Tuesday, 27 January 2015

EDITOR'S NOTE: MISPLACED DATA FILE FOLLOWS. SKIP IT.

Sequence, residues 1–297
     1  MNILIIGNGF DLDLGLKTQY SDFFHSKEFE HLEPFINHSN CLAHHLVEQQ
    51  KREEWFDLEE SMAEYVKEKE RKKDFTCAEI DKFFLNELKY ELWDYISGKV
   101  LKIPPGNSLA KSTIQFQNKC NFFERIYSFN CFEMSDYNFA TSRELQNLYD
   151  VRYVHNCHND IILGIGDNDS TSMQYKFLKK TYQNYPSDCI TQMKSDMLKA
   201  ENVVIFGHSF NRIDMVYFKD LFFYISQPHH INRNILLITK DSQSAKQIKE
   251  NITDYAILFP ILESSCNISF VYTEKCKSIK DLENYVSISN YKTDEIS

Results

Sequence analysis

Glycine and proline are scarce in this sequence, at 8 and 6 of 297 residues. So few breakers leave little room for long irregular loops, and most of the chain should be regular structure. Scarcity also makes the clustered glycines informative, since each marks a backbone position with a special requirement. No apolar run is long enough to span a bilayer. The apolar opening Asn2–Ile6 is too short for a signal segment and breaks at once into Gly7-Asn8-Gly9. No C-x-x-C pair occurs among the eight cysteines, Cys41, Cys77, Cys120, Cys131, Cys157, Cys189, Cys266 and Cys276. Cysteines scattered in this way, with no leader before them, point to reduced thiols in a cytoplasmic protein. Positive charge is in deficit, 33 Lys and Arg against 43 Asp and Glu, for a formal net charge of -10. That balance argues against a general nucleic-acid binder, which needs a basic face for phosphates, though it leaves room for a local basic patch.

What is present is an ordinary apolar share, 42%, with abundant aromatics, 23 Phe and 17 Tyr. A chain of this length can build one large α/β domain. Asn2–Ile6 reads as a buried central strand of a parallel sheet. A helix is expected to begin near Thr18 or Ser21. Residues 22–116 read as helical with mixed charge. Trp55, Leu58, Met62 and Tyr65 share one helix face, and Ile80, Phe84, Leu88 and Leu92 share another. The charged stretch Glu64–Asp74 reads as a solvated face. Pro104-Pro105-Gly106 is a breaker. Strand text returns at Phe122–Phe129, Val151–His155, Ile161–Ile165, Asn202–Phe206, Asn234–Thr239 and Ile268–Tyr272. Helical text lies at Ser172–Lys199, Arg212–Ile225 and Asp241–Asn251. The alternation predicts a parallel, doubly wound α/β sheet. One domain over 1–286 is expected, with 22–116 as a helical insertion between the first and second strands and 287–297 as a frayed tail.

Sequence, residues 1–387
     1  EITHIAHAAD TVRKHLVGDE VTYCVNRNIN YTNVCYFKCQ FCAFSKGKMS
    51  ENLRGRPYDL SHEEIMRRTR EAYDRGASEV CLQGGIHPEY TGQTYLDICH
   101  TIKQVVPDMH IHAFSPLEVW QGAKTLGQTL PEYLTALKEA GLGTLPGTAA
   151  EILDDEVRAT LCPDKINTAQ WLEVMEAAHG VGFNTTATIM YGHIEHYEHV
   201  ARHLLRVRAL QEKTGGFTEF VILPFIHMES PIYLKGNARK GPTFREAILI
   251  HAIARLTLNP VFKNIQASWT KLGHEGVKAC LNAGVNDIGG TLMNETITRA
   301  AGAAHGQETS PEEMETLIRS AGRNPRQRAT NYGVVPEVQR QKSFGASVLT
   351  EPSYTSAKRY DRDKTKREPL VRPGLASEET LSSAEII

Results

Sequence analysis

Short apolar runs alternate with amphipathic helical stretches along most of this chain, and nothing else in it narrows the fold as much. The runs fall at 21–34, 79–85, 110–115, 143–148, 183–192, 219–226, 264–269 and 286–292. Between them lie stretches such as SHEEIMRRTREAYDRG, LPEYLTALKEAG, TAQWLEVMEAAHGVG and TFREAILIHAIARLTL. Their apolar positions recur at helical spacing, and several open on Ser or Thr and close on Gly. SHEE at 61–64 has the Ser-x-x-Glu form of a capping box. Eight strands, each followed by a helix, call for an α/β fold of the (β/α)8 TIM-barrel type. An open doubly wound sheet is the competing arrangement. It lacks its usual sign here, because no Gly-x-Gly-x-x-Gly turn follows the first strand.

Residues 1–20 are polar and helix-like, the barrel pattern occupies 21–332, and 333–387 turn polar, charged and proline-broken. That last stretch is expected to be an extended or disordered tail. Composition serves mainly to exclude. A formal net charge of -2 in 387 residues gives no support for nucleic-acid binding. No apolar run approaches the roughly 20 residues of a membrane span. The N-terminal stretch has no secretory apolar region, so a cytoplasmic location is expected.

YSBRYDOLIAETH I ERAILL Meddygaeth a Dibyniaeth: Persbectif Gwraig Fy enw i yw Helen, rwyf ynghanol fy mhedwardegau, yn briod â Gwyn, Meddyg, ac mae gennym dri o blant oed ysgol. Ni chefais unrhyw hyfforddiant meddygol ac nid oes gen i unrhyw gefndir felly ychwaith. Rydw i wedi adnabod fy ngŵr am 25 mlynedd. Ym mis Hydref 2010, credais fod ein teulu wedi taro’r gwaelod hollol, yna yn ystod Haf 2014, sylweddolais ein bod eto mewn rhyw gylch dieflig lle nad oedd gen i unrhyw reolaeth ac, yn drist iawn, ychydig a wyddwn, roedd gwaeth i ddod. Mae fy ngŵr yn alcoholig ac yn adict ac mae wedi dioddef am nifer o flynyddoedd gyda phroblemau iechyd meddwl. Cymhwysodd fel Meddyg ym 1993 ac mewn ffaith, nid oedd yn yfed yr adeg honno. Llwyddodd i ennill ei FRCS (statws ymgynghorydd) yn fuan. Yn yr adran D&A daeth yn amlwg na allai gynnal gyrfa mewn D&A (mae storïau cyfoes yn amlygu hyn yn glir) ac felly, penderfynodd hyfforddi fel Meddyg Teulu (hefyd yn y newyddion ar hyn o bryd!). Mae hefyd wedi cymhwyso mewn Meddygaeth Alwedigaethol a Meddygaeth Liniarol. Fodd bynnag, o ganlyniad i lefelau straen uchel o fod yn Feddyg Teulu a hefyd yn berffeithydd wrth ei waith, mae wedi gweithio fel Locwm a Meddyg Teulu y Tu Allan i Oriau am yr 8 mlynedd ddiwethaf er mwyn iddo allu rheoli ei lwyth gwaith yn fwy effeithlon. Mae ei gydweithwyr a’i gleifion yn ei barchu’n uchel iawn am ei safonau gwybodaeth uchel a’i ofal ond, yn drist iawn, ac er mawr niwed iddo’i hun, mae hyn yn ei annog i weithio’n galetach. Roedd y defnydd o alcohol yn ei helpu i ymdopi gyda straen ei swydd a’i boen meddwl. Nid oedd byth yn yfed yn union cyn neu yn ystod ei waith. Ym mis Hydref 2010, teimlai na allai barhau gyda’i fywyd a gyrrodd i fan anghysbell ar fynydd lle yfodd lawer iawn o vodka. Yna, penderfynodd yrru adref a tharodd ei gar yn erbyn coeden ac i lawr i gwm serth. Galwyd ar y gwasanaethau brys ac yna cafodd ei gael yn euog o yfed a gyrru a gwaharddiad am 18 mis. Atgyfeiriodd ei hun i’r GMC. Cynhaliwyd ymchwiliad gyda nifer o asesiadau seiciatrig, cyfres o brofion gwaed ac alcohol, mynychu cyfarfodydd misol Grŵp Meddygon a Deintyddion Prydeinig (BDDG) a chafodd ddychwelyd i’w waith o dan oruchwyliaeth. Bu hwn yn gyfnod o straen aruthrol gan fod fy ngŵr yn hunangyflogedig a’r unig un oedd yn ennill cyflog i’r teulu. Gan nad oedd yn gallu gyrru a’n bod yn byw mewn man gwledig, byddai’n beicio 20 milltir yn rheolaidd i fynd i’w waith neu byddai’n rhaid i mi ei yrru yno - nid tasg hawdd pan oedd yn gweithio sifftiau y tu allan i oriau a’r plant yn yr ysgol. Fodd bynnag, llwyddom i ennill y frwydr hon, nid oedd fy ngŵr yn cyffwrdd ag alcohol ac roedd yn hynod o gydwybodol yn y modd yr oedd yn byw ei fywyd. Roeddwn wedi mynd gyda fy ngŵr i’r mwyafrif o’r asesiadau a chredwn o’r diwedd y byddai ei broblemau iechyd meddwl yn cael eu trin ac y byddai ein bywyd yn gwella. Fodd bynnag, yn fuan cyn i’m gŵr gael ei drwydded yrru’n ôl a chodi’r cyfyngiadau GMC, sylwais ar newid ynddo (yr hyn a wn yn awr i fod yn fater o ddychwelyd i ddig hunangyfiawn) a po fwyaf roeddwn i’n ystyried y sefyllfa, po fwyaf roeddwn i’n sylweddoli nad oedd unrhyw un wedi archwilio achos y broblem go iawn. Mae’n siŵr bod yn rhaid gwybod yr achos cyn gallu trin y symptomau? Roedd cynifer o weithwyr proffesiynol wedi bod yn rhan o’r broses, ond i mi, roedd pob un yn poeni mwy am ddilyn protocol. Digwyddodd yr achlysur mawr nesaf yn ystod haf 2014. Wrth geisio delio ag argyfwng yn y teulu estynedig 150 o filltiroedd i ffwrdd o’n cartref, penderfynodd fy ngŵr adael a gyrru adref er iddo fod wedi yfed ynghynt yn y dydd, ymddygiad cwbl afresymol. Ond eto, roedd mewn cyflwr afresymol (dyna berygl alcohol). Cafodd ddamwain car oedd yn cynnwys cerbyd arall gan anafu dau berson arall. Bu’n rhaid ei dorri o’r car, cafodd anafiadau difrifol a threuliodd dridiau mewn ysbyty. Cafodd gyfweliad gan yr heddlu a dychwelodd adref ar fore Sadwrn. Roedd hyn yn awr yn llawer rhy ddifrifol i mi a’r plant ddelio ag ef. Trefnais i’m gŵr fynd i ganolfan adfer breswyl a chytunodd i fynd yno. Fodd bynnag, ni allai aros am hyn ac yfodd ei hun yn hurt ar y bore Sul. Bydd y diwrnod hwn yn fy nghof am byth ac yng nghof ein plant; ambiwlans yn cyrraedd, fy ngŵr yn adfer ymwybyddiaeth mewn ysbyty ac yna’n dianc, heddlu’n chwilio amdano ac yn y diwedd cael ei gadw o fewn Adran 2 Deddf Iechyd Meddwl. Hynod amhleserus. Wythnos yn ddiweddarach, cyrhaeddodd fy ngŵr y ganolfan adfer ac arhosodd yno am bythefnos. Roedd yn teimlo bod y drefn yn anodd ond rydw i’n hynod ddiolchgar i’r ganolfan gan iddi wneud i’m gŵr sylweddoli pa mor anhydrin oedd ei fywyd erbyn hyn. Yna, clywsom am y Stafell Fyw sydd wedi bod yn achubiaeth i’r ddau ohonom ac i’n plant. Mae’n ganolfan adfer yn y gymuned wedi’i seilio ar gefnogaeth cyfoedion ac egwyddorion y Rhaglen 12 Cam. Rydw i’n mynychu’r cyfarfodydd Grŵp Teulu’n rheolaidd ac mae’r plant yn mynychu hefyd. Mae’n rhywle lle’r ydych chi’n teimlo’n ddiogel, nid ydych yn cael eich barnu, rydych chi’n dysgu i ddeall eich sefyllfa a sefyllfa eraill a lle’r ydych chi’n rhoi ac yn derbyn cefnogaeth. Roedd fy ngŵr yn mynychu cyfarfodydd grŵp seicotherapi’n rheolaidd a chwnsela un i un a hefyd bu mewn encil ym mis Tachwedd. Erbyn hyn, mae ar ffordd wellhad yn sicr ac yn benderfynol bod ei fywyd a’n bywydau ni wedi newid am byth, nid oes troi’n ôl. Ar 12 Rhagfyr 2014 cafodd fy ngŵr ei ddedfrydu i 27 mis o garchar o ganlyniad i’r erlyniadau yn ei erbyn o’r ddamwain car ynghynt yn y flwyddyn. Teimlai’r Barnwr y dylai fod yn gwybod yn well fel dyn proffesiynol. Mae fy ngŵr yn gwybod bod yr hyn a wnaeth yn anghywir ac y dylai gael ei gosbi; mae wedi dangos cryn edifeirwch am yr hyn a wnaeth a bydd bob amser yn edifar am hyn. Mae fy ngŵr yn awr mewn system garchar sydd mewn argyfwng ac anhrefn. Mae’r plant a fi’n gweld ei golli’n ofnadwy. Wel, mae’n bosibl eich bod yn dweud "mae hyn i gyd am eich gŵr, beth amdanoch chi?" Rydw i’n dysgu llawer amdanaf fy hun drwy’r sefyllfa boenus ac anodd hon. Bu’n rhaid i mi ofyn beth sydd orau i’r 3 phlentyn a fi ac nid dim ond i fy ngŵr. Mae’n flinedig iawn yn emosiynol. Rydw i’n credu yn yr uned deuluol. Nid wyf yn credu bod fy ngŵr yn ddyn drwg na pheryglus, i’r gwrthwyneb yn llwyr; mae’n fwyn, yn garedig ac yn ofalus, ond mae’n sâl. Mae’n awyddus i wella ac yn awr, mae yn gwella ond mae hwn yn llwybr y bu’n rhaid i ni gael hyd iddo ein hunain, ni chafwyd unrhyw arweiniad proffesiynol na chyfraniad meddygol cydnabyddedig. Fel yr amlygwyd yn ddiweddar yn y cyfryngau, mae diffyg cydnabyddiaeth ac ofn cydnabod problemau iechyd meddwl. Yn wahanol i salwch corfforol, mae’n gyflwr anweledig ac felly’n anodd i nifer ei deall. I gloi, mae rhai anawsterau mewn bywyd cynnar a swydd hynod anodd yn gofalu am eraill wedi golygu nad oedd gan fy ngŵr y dulliau ymdopi angenrheidiol ac, fel dyn proffesiynol, teimlai na ddylai bod angen iddo ofyn am help. Pan aeth i chwilio am help, nid oedd yn hawdd cael hyd iddo, nid oedd unrhyw un yn deall ei salwch yn iawn ac roedden nhw’n cyfaddawdu triniaeth oherwydd ei statws. Mae Stafell Fyw Caerdydd wedi dangos iddo beth sydd angen iddo ei wneud. Mae’r ateb mewn gwirionedd yn hynod syml, nid oes angen meddyginiaeth nac ymchwil parhaus, dim ond gostyngeiddrwydd, trugaredd, dealltwriaeth ac amser. Mae model adfer Stafell Fyw Caerdydd yn gweithio. Mae’n bosibl na fydd rhai’n deall ei gysyniad ar unwaith, oherwydd mae’n brofiad poenus ac estron. Ar hyn o bryd, mae fy ngŵr mewn carchar 180 milltir i ffwrdd oddi wrthym. Rydw i’n awr yn rhiant sengl, yn ddibynnol ar fudd-daliadau’r wladwriaeth. Rhywsut rydw i’n eithaf gwydn a chredaf fod hyn wedi’i fewnblannu ynof drwy fy magwraeth sy’n unol â nifer o egwyddorion Stafell Fyw Caerdydd. Rydw i’n fwy na pharod i drafod fy sefyllfa ymhellach. Mae fy ngŵr a minnau’n awyddus iawn i weld rhyw dda’n dod allan o’r dioddef rydyn ni, fel unigolion a theulu’n mynd drwyddo. Gellir cysylltu â mi drwy Wynford Ellis Owen yn Stafell Fyw Caerdydd. Helen